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Asian longhorned beetle
A new and potentially serious threat to some of North America’s most beautiful and popular trees is the Asian Longhorned Beetle (Anoplophora glabripennis). Native to parts of Asia, the beetle is believed to have arrived in North America in the wooden packing material used in cargo shipments from China. Isolated Asian Longhorned Beetle infestations have been discovered in Brooklyn and Amityville, New York, and in Chicago, Illinois
Anthracnose (Discula spp., Kabatiella apocrypta) is a name for a group of diseases caused by several closely related fungi that attack many of our finest shade trees. It occurs most commonly and severely on sycamore, white oak, elm, dogwood, and maple. Other host plants that are usually only slightly affected include linden (basswood), tulip tree, hickory, birch, and walnut.
Maple wilt, also called Verticillium wilt, is a common and serious disease of maples. The destructive soil-borne fungus, Verticillium, kills many maples each year throughout North America. Norway maples seem especially sensitive to infection by Verticillium. Silver, red, sugar, sycamore and Japanese maples are also susceptible.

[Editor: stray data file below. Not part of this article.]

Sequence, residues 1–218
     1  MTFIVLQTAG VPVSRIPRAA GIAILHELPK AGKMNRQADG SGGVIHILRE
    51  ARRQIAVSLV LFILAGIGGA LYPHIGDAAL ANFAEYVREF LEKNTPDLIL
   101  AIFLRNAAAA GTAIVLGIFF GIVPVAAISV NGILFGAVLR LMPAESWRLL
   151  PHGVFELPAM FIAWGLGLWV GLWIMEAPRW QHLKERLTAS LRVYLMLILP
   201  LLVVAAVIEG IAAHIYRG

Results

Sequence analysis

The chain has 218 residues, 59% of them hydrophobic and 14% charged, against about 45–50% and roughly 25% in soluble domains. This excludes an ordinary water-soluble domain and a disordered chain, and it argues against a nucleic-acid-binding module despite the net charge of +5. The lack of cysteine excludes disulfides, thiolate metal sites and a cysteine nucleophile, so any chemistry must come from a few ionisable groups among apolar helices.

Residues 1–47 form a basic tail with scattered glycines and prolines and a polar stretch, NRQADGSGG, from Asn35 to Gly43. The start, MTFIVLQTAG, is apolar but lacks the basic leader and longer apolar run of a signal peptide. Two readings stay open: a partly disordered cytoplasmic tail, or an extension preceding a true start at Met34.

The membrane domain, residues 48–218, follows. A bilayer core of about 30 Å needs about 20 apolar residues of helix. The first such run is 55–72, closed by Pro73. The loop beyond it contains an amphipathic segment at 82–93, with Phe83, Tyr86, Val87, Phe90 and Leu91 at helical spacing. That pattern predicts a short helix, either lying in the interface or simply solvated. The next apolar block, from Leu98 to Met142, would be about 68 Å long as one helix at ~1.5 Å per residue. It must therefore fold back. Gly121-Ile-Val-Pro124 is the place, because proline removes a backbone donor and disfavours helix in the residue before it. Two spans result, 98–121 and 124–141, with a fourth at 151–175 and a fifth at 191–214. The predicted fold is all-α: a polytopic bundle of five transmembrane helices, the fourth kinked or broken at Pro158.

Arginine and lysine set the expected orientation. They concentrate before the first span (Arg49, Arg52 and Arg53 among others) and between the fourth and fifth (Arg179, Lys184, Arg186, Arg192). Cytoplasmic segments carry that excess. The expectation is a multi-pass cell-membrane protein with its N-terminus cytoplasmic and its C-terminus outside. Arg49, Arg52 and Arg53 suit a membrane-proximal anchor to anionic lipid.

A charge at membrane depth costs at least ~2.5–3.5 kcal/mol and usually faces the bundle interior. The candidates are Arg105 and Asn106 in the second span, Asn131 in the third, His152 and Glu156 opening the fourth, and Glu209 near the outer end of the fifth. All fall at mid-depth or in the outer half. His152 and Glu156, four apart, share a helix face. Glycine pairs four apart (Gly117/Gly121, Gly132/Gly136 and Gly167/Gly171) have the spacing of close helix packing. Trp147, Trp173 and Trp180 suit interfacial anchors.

Sapstreak disease of sugar maple
Sapstreak disease, caused by the fungus Ceratocystis coerulescens, is a serious threat to sugar maple forests. Although the disease is causing only minor damage at present, it has the potential to become an important problem. Sapstreak is a fatal disease; infected trees do not recover. In addition, timber salvage value is low because the wood is discolored.
These dramatic but inconsequential diseases of numerous maple species cause small to almost one-inch diameter tar-like spots on leaves. The fungus overwinters on fallen leaves, then infects the upper surfaces of leaves in spring during moist conditions. Usually the best approach is to do nothing. Cleaning fallen leaves in the autumn can help reduce the amount of fungus that overwinters.